October 2022 Autumn Garden Update

The theme of the garden this month is letting go. Autumn is a supremely beautiful time here in Vermont. The colors of the trees peaking in early October, then slowly fading and falling off the trees by month’s end. This autumn garden update, likewise, is about showing gratitude for summer’s bounty and saying goodbye. (Goodbye for now, at least, until we do it all over again next spring!)

This month in the garden, we wrapped up a productive season that yielded a bounty of beautiful storage crops like potatoes, carrots and winter squash, countless jars of pickles and jams, and a freezer full of berries, green beans, kale and more. We are so grateful for the garden’s gifts and to be able to learn the land a little better each day. After harvesting the last of our veggies, we said goodbye to the autumn garden’s vegetable plants and pulled up any remaining weeds. Then we tilled the soil to loosen it up and reset the rows. Last but not least, we planted next year’s garlic and buried the whole garden in a blanket of fallen leaves. These will provide insulation from winter’s cold, and add nutrition to the soil as they decompose until the spring.

Caretaker Brendan plants the garlic for next year’s crop.

An earlier-than-expected hard freeze forced us to harvest our last remaining autumn garden crop, the butternut squash, sooner than we had hoped. Unfortunately, a few of them got a bit frostbitten and would not store well. Instead of storing those whole, I simply roasted them in the oven until soft and then froze the pulp. To do this, cut off the stem then slice the squash in half lengthwise, scoop out the seeds, and place the halves cut side down with a little water in a 400 degree oven until soft – around 45 minutes. Then, just scoop out the pulp into freezer bags or containers and freeze for later! The rest, now cured, should keep for months! It is amazing how well winter squash keeps in storage.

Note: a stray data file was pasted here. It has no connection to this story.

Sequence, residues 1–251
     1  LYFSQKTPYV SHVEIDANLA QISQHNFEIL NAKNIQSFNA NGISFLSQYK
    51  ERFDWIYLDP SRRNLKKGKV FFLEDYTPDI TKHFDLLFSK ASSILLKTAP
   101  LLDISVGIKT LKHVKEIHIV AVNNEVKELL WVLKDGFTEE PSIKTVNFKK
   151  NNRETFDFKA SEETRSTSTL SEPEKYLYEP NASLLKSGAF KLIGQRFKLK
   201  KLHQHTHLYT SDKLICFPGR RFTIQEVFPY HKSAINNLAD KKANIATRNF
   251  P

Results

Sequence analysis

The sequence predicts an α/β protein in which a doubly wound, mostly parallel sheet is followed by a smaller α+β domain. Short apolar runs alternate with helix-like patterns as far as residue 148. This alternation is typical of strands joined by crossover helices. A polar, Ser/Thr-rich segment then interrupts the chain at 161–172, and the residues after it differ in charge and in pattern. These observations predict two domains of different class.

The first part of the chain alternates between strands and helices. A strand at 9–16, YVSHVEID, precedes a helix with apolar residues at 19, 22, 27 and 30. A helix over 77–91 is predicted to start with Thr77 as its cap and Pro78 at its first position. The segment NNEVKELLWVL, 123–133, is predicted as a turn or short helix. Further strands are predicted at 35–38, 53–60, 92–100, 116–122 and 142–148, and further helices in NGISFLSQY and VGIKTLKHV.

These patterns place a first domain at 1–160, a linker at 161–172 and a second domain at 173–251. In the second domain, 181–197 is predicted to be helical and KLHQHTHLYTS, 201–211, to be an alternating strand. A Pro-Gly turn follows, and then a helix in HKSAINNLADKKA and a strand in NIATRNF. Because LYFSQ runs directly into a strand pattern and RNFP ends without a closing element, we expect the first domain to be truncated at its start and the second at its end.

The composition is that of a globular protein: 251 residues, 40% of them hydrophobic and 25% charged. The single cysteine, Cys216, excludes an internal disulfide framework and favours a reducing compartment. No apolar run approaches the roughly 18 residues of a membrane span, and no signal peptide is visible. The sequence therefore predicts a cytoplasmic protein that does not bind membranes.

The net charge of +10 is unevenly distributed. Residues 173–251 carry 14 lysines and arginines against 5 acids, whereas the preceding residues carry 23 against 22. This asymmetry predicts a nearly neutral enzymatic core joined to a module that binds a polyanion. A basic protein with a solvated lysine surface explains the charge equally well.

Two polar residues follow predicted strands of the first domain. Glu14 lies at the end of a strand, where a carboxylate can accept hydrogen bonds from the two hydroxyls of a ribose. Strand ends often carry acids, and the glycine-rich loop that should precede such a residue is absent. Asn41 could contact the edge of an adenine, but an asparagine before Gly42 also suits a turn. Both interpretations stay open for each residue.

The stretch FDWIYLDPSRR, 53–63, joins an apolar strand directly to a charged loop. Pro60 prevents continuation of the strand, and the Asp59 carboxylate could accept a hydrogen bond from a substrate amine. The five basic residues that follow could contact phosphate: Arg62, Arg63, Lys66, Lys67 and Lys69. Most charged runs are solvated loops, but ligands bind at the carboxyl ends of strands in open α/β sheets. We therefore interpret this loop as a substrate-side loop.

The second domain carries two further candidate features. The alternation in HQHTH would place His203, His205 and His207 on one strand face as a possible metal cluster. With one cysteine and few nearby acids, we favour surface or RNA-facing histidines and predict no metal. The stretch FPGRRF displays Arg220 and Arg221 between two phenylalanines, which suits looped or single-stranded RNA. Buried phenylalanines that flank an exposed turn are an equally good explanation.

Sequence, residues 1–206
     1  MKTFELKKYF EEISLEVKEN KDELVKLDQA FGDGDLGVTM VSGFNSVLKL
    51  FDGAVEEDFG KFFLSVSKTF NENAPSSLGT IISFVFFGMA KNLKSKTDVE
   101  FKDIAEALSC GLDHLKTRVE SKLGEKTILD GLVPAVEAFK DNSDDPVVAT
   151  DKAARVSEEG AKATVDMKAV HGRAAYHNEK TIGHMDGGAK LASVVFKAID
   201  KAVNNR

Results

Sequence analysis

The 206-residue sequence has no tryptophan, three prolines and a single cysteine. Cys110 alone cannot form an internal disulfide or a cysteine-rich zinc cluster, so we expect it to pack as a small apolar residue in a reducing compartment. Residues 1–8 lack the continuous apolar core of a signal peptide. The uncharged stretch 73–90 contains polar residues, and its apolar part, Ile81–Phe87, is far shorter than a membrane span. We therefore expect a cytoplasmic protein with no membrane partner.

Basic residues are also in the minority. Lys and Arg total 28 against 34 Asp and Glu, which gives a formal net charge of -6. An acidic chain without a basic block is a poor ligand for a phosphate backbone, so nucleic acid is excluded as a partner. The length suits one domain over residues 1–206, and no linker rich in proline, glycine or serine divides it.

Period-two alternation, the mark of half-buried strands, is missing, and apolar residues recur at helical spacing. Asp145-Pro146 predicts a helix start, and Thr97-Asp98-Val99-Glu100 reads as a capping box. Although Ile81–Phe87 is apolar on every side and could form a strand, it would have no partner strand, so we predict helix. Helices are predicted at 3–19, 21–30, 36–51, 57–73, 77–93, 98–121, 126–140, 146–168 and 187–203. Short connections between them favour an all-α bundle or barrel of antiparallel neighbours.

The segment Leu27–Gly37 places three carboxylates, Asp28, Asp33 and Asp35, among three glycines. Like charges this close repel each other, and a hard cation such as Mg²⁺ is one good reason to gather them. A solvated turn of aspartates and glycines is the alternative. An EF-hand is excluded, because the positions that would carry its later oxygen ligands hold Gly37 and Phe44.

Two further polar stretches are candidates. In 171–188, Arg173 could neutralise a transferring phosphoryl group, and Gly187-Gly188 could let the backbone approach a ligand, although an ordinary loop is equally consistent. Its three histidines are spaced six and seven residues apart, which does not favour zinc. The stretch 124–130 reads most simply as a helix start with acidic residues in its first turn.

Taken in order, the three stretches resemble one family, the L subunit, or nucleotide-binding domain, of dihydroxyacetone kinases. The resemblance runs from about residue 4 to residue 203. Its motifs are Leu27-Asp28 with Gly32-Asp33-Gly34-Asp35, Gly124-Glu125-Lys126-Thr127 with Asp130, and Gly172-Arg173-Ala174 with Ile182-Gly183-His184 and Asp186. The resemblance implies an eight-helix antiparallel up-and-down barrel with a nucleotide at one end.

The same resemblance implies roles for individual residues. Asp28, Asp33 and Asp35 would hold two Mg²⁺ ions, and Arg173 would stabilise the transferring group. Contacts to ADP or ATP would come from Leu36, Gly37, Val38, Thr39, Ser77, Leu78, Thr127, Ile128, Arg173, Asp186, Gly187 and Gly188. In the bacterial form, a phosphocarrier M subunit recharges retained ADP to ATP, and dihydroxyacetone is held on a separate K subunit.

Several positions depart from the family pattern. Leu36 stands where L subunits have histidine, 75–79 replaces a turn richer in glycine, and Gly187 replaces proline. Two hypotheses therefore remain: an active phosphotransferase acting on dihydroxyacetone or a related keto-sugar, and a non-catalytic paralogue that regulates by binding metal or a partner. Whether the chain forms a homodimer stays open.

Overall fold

The trees are bare by October’s end

Around the property, many plants continued their process of dying back for winter. All the ferns have turned brown and capsized on themselves. The tall stalks of the sunchokes have finished their flowering period, their sunny flowers giving way to wilting foliage. The mugwort stands have turned brilliant red and are starting to fall over. Some more frost-hardy plants, like comfrey, are the last to die back. Though the summer bounty has faded away, there is a special beauty to this time of year, reminding us of the beauty in slowing down and making room for rest. Except for fallen leaves on the main footpaths, which we gather up to mulch the vegetable garden, we will leave most of the dead bits in place at least until spring. This provides essential habitat for our local fauna, particularly our bees, monarch butterflies, and garden helpers like ladybugs.

While everything outside is dying back and preparing for winter, inside there is still growth to be found! We have a small greenhouse attached to the main house that makes a perfect place to cultivate herbs and baby greens like arugula. It gets too cold and receives too little sun in the winter to truly grow year-round. But with any luck, our indoor autumn garden will be providing fresh greens until solstice time.

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